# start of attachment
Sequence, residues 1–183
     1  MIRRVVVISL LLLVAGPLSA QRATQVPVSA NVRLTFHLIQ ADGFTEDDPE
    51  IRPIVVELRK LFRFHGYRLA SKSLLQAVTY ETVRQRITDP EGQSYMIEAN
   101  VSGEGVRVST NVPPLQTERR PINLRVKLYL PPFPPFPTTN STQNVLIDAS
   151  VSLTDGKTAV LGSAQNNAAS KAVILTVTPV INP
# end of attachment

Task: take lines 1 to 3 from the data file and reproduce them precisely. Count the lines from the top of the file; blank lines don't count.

Sequence, residues 1–183
     1  MIRRVVVISL LLLVAGPLSA QRATQVPVSA NVRLTFHLIQ ADGFTEDDPE
    51  IRPIVVELRK LFRFHGYRLA SKSLLQAVTY ETVRQRITDP EGQSYMIEAN